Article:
But participation in physical activities can be especially challenging for such children for reasons that include limited motor function, lack of motivation, and the potential for sensory overload.
"People look at people with autism and see the deficits," said Blecher. "They don't really see what they're capable of."
Mason has shown what he's capable of, even though he, too, struggles with social and communication skills.FULL STORY HERE
Saturday, April 3, 2010
How disco helped my autistic son
Autism left Jimmy Hobley unable to read, write or make much sense of the world. But then his mum, Sheila, came across dancing classes for children
Before Jimmy Hobley discovered disco, he was desperate. He couldn't read, couldn't write, couldn't make head or tail of the world. Then he began dancing. Jimmy is one of Sheila Hobley's three boys, all of them autistic. It would be nice to be able to say that once he learned to swing those hips, the family never looked back, but the world is rarely as simple as that.
The family home is eerily calm as his parents talk about the havoc their children have wreaked upon it. Alex is 16, and the twins, George and Jimmy, are 10. When Alex was born, Sheila's life was turned upside down. She was 26, didn't know anything about autism, and was expected to bring up a boy who bit and scratched and tore his hair out, who had epilepsy, who found everything hard to learn, and had a number of obsessive compulsive disorders. It wasn't easy, and Sheila and Alex's father split up.
A while later, she got together with Andy. They both wanted children, and Sheila didn't want to worry Andy by suggesting they might be autistic, too. Anyway, the experts said the chances were minimal – she was told there was a 1 in 1,000 chance of having another autistic child, figures that have nowadays been revised to between one in 80 and one in 100.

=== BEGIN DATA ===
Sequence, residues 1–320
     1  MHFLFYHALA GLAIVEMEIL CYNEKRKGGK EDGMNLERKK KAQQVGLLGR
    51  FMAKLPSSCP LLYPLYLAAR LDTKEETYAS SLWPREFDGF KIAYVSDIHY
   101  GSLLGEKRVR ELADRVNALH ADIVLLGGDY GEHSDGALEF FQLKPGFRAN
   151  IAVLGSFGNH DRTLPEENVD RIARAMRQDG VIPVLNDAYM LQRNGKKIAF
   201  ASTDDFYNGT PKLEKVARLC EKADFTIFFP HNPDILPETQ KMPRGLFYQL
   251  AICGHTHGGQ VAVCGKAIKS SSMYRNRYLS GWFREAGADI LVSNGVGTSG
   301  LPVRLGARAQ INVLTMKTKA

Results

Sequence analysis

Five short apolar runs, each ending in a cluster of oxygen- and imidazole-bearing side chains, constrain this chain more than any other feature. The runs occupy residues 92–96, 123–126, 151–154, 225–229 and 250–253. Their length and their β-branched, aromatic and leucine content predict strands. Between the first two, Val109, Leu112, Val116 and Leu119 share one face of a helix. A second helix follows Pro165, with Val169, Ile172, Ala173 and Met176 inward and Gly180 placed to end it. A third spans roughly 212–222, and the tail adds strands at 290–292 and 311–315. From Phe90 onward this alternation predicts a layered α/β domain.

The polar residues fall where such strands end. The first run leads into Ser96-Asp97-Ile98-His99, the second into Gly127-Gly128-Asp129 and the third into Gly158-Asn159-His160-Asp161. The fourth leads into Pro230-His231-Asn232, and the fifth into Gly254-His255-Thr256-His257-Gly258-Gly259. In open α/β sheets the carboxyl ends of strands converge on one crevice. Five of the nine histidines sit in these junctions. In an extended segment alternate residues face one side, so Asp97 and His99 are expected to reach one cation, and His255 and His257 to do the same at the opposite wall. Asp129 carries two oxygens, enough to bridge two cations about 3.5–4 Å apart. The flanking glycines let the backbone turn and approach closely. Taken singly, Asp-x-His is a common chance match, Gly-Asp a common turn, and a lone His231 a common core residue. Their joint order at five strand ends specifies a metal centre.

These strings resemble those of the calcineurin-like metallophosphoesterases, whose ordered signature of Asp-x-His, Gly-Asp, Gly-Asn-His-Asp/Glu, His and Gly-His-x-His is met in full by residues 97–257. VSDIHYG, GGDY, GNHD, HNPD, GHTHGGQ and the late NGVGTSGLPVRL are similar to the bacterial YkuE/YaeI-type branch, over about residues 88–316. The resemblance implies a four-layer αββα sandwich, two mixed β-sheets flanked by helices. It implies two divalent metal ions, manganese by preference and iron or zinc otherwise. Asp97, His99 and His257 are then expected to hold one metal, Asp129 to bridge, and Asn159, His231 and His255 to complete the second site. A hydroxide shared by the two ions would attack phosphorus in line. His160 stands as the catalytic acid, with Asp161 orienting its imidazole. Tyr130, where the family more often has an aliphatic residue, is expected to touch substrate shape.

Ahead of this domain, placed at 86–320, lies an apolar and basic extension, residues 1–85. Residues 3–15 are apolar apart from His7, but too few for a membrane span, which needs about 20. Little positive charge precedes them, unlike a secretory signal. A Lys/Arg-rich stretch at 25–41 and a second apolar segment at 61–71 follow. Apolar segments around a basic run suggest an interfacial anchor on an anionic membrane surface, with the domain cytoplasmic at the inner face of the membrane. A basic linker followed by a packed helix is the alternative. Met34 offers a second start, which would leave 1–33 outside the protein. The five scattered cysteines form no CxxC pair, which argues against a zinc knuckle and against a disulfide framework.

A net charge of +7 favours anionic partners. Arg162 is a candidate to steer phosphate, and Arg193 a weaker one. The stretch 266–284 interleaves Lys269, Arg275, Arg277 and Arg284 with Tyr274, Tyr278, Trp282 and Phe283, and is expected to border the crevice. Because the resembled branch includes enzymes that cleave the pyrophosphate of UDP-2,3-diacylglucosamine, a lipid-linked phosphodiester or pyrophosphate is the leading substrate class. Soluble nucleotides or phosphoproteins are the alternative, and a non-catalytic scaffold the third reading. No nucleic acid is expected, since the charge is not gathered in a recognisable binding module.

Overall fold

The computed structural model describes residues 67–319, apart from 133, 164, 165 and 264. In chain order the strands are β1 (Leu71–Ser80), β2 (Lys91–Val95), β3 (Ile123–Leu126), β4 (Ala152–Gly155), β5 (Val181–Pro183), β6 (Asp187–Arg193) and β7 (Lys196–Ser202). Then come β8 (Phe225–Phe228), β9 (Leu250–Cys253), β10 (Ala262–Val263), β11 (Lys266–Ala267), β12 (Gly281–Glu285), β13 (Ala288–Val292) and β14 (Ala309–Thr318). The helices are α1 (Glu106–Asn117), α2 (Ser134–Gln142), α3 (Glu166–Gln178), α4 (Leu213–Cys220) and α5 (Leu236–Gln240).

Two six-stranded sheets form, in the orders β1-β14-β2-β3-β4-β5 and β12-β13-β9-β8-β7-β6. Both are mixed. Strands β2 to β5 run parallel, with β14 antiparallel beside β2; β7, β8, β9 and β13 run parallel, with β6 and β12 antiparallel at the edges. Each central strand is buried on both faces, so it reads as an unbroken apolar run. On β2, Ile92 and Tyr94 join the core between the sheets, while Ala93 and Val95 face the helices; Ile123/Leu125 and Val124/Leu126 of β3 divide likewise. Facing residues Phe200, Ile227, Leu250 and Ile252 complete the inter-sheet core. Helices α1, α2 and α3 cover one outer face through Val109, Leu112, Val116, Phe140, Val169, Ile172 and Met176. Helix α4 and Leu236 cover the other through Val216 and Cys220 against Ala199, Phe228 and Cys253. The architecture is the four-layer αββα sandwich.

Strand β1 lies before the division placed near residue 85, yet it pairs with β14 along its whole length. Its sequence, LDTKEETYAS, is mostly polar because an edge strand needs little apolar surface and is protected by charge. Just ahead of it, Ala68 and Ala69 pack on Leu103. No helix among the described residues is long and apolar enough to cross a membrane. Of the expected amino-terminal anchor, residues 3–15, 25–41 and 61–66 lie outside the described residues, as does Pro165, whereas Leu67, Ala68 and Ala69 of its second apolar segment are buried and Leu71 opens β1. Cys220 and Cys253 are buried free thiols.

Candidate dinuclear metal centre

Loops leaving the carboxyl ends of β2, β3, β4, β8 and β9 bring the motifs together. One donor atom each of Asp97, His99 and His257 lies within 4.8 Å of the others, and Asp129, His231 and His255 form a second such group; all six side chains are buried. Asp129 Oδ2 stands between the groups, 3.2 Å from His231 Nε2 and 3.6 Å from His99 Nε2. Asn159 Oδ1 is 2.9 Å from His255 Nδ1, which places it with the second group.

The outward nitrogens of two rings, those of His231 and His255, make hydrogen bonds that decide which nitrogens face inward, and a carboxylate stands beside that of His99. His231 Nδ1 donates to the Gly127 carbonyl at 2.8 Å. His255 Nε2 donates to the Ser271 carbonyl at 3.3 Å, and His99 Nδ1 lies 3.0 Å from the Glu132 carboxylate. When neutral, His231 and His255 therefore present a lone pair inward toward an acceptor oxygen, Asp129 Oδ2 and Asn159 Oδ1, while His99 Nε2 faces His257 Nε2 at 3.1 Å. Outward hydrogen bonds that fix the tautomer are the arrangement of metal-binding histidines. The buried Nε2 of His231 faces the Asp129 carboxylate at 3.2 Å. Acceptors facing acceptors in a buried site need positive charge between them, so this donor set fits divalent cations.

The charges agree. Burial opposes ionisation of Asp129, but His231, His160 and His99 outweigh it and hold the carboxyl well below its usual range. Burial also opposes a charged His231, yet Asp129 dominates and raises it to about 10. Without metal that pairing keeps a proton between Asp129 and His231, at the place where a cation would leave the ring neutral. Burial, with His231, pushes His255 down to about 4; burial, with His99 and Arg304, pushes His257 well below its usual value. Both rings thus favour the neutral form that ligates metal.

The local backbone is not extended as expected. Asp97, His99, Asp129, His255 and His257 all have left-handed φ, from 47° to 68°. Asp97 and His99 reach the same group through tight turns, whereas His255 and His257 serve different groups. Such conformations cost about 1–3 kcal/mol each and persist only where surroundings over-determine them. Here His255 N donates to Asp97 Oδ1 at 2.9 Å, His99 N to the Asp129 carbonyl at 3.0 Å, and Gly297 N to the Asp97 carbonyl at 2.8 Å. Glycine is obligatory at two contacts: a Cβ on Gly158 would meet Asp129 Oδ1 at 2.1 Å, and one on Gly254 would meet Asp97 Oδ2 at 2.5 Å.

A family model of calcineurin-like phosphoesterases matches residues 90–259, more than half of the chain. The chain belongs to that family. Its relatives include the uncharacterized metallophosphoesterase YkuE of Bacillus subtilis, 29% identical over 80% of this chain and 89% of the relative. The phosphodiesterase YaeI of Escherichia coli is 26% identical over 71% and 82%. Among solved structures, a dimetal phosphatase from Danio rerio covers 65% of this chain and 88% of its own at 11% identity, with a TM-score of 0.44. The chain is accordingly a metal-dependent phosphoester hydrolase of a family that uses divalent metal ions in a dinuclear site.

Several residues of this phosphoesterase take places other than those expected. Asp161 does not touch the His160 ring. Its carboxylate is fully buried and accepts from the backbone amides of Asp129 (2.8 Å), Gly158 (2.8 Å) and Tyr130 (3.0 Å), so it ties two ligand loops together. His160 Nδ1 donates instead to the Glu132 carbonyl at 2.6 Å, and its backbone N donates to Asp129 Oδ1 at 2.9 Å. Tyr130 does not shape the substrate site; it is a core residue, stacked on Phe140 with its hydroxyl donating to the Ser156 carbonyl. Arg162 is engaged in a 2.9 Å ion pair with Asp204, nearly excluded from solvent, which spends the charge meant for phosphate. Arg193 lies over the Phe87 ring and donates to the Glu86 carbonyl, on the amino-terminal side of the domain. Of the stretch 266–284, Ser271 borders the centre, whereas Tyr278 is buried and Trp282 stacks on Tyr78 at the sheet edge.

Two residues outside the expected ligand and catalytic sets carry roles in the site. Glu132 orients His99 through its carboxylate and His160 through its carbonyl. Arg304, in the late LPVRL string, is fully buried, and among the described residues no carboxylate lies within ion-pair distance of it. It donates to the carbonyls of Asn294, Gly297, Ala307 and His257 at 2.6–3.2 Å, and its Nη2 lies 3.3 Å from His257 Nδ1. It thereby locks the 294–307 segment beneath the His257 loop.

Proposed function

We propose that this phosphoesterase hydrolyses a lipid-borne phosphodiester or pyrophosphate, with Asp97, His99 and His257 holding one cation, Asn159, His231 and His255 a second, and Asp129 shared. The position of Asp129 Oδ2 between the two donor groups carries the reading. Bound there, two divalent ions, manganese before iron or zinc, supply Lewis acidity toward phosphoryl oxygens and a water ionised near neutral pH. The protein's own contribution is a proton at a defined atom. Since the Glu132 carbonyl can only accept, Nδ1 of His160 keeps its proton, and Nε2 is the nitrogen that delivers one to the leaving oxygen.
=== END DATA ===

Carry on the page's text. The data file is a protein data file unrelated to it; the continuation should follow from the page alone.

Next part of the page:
But, sure enough, the twins were autistic. Like Alex, they were born early, were dramatically underweight, and didn't meet any of their developmental goals. The one thing they were good at was fighting. "They both had terrible screaming fits, and they were biters," Sheila says. "And when you left, they'd just hold on to your leg like a dog mating, and you'd be trying to walk away and they'd be on it with their teeth, biting through your jeans. They didn't sleep. Absolutely exhausted, we were."
It got worse. "Even my childminder said she'd seen nothing like it. They were three to four months old, rolling around on the floor, holding on to each other's hair, screaming." Soon it was impossible to get childminders, and Sheila and Andy couldn't go out socially together. How did it affect their relationship? "We've had rocky times," Sheila says. "It made our relationship quite volatile at times, because the whole family setup was." They both think it's a considerable achievement that they've stayed together for 11 years.
When Sheila told doctors that she was convinced the twins were also autistic, they told her she was an over-anxious mum. But soon they were forced to admit they had been wrong.